Telfer Mine Various Projects
Client: Newcrest Mining Limited
Location: Telfer, WA
Start Date: September 2003
End Date: June 2006
Value: $60+ million
Brierty was initially contracted in September 2003 to provide stabilisation to 84 floodways of the Telfer Access Road. Newcrest Mining opted to engage Brierty Contractors as its major civil contractor for the infrastructure upgrade.
Works at Telfer comprised of:
- Construction of Stage 1 the tailings dam involving approximately 1,000,000m3;
- Plant siteworks earthworks – 1,200,000m3 cut/fill/borrow for 1,500,000m2;
- Reconstruction and maintenance of the access road – Section 43 – 64km;
- 21km section bridged using 100,000m3 imported mine waste and base course material;
- Installation of 13 box culverts including culverts that consisted of 12 barrel 900 x 1200 and 10 barrel 1200 x 1200;
- Temporary work platform across lakes created by a cyclonic deluge. This was necessary to provide access to the Telfer mine site when the existing road was completed devastated and inundated. Works included import and placement of 45,000m3 mine waste, 10,000m3 gravel, 24,000m3 sand and 150,000m2 geotextile;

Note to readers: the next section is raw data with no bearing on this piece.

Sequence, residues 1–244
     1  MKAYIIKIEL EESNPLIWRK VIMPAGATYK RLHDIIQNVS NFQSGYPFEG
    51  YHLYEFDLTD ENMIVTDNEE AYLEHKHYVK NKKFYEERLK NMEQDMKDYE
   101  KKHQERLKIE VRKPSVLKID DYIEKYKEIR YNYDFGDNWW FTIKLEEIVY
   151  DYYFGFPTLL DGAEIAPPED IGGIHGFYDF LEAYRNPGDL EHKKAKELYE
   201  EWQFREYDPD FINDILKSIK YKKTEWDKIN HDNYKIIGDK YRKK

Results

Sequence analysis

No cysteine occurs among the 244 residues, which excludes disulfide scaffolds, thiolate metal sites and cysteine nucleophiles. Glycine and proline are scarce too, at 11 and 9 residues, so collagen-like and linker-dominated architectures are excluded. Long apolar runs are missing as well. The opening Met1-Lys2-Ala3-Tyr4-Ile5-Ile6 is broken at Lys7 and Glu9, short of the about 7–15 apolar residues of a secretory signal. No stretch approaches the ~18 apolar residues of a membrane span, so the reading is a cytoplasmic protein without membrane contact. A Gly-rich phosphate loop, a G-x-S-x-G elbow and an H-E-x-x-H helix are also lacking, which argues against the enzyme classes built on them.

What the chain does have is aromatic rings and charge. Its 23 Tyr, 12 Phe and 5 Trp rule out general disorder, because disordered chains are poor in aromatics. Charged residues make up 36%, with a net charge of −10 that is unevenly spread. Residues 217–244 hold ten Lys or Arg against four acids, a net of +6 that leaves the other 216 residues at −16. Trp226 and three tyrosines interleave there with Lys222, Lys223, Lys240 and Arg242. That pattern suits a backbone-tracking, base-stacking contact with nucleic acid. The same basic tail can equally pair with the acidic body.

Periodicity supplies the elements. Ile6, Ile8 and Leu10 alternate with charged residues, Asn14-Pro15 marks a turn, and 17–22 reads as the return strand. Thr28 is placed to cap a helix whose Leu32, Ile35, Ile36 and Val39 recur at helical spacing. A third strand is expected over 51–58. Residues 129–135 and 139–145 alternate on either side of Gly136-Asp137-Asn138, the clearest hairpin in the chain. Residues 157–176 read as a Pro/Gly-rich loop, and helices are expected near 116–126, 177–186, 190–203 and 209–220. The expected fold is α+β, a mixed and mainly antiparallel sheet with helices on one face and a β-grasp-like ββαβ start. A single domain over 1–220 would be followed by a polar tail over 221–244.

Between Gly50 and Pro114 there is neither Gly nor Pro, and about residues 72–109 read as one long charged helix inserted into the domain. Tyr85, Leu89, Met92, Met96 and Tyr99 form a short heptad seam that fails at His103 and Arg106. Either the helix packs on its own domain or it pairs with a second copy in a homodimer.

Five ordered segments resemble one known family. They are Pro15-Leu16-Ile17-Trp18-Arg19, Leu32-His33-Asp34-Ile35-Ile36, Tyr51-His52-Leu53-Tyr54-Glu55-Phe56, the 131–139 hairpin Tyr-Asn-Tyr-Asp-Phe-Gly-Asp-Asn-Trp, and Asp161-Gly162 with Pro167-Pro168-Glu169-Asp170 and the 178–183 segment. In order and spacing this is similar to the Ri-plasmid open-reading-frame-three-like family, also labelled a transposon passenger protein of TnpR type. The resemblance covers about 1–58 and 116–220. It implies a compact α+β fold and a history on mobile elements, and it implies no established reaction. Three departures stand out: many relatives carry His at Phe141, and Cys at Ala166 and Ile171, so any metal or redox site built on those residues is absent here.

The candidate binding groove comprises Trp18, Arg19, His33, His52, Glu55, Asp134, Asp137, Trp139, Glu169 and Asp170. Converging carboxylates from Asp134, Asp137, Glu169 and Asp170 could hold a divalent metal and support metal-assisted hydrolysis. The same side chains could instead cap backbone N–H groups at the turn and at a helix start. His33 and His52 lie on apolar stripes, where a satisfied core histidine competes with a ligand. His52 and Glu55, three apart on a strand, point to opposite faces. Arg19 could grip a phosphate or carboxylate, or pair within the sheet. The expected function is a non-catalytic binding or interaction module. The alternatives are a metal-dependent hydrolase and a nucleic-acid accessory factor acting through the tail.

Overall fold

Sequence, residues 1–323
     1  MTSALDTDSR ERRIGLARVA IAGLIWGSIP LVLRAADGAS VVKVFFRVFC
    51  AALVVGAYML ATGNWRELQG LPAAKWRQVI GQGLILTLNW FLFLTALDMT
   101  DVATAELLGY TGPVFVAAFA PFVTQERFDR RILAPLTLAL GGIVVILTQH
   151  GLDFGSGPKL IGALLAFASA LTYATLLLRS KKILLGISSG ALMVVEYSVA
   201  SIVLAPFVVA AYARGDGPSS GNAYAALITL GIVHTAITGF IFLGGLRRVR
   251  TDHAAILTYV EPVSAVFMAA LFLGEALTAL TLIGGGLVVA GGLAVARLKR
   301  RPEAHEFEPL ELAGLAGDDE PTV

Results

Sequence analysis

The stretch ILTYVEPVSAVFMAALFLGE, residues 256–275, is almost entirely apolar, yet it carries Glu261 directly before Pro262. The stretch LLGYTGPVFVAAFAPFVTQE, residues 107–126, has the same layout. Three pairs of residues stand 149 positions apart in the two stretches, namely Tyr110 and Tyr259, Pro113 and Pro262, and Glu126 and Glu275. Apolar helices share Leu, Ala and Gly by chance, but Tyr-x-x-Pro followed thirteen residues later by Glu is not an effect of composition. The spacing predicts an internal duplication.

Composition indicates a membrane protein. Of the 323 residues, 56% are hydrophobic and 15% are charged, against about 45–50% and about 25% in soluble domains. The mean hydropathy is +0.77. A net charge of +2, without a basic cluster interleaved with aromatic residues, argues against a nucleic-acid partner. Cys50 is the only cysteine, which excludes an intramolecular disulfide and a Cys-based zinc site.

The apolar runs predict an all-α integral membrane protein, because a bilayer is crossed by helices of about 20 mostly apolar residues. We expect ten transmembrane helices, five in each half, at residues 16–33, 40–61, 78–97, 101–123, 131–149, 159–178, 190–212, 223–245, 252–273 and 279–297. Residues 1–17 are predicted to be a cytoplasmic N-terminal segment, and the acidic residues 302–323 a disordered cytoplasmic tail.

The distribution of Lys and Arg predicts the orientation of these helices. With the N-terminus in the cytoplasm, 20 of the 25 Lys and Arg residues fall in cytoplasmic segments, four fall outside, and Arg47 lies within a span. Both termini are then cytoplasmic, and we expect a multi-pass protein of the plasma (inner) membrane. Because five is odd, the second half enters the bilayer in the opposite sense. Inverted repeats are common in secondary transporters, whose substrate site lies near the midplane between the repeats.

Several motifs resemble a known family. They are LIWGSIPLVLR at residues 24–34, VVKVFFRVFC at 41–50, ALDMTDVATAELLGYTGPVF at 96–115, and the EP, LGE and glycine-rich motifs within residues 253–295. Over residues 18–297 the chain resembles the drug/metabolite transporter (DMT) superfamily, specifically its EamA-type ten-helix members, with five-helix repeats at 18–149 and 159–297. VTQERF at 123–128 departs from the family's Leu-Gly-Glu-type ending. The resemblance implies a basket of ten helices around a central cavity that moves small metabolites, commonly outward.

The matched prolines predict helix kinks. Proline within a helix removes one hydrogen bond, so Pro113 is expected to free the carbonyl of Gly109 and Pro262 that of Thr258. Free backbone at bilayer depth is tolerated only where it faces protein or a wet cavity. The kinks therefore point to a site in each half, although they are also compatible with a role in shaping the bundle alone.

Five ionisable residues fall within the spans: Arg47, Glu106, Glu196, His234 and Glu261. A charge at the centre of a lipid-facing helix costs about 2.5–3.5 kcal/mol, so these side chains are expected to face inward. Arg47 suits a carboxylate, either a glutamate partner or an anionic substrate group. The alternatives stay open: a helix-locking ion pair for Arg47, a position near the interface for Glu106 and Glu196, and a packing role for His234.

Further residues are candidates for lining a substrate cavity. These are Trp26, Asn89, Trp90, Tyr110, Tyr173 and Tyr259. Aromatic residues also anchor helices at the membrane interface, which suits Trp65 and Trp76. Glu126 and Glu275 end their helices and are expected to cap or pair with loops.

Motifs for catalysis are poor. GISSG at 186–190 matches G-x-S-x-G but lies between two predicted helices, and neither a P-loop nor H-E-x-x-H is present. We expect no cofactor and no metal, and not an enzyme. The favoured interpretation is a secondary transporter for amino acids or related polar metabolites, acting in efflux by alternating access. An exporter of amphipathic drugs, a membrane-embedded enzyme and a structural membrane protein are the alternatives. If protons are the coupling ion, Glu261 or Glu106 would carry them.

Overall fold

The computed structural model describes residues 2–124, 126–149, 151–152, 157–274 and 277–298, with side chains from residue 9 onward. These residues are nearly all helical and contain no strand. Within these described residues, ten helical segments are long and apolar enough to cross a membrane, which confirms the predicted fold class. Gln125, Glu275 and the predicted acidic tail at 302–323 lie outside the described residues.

- Telfer Gas Pipeline – foundation works for the remaining 20km Telfer section; and
- Ongoing maintenance of unsealed access road – 117km
Works were completed on the huge tailings dam and civil activities were scaling down when a cyclone moved across the Pilbara. Flooding devastated the 140km road preventing access into Telfer. With no other route into the mine site, delivery trucks queued at the edge of what had become an enormous lake up to a metre in depth. Over 25kms of this vital link was under water and the Brierty Contractors’ construction team worked long hours with Newcrest Mining to bridge the road.
This required large amounts of imported material being placed in the water to provide a platform. It was not possible to build a trafficable road in the short term and delivery trucks were towed through the water logged desert using earthmoving equipment. The problem was exacerbated by lack of natural drainage and it took some months for floodwaters to subside through evaporation and soakage. Operations were constantly hampered by further rainfall providing Telfer with its wettest winter in history.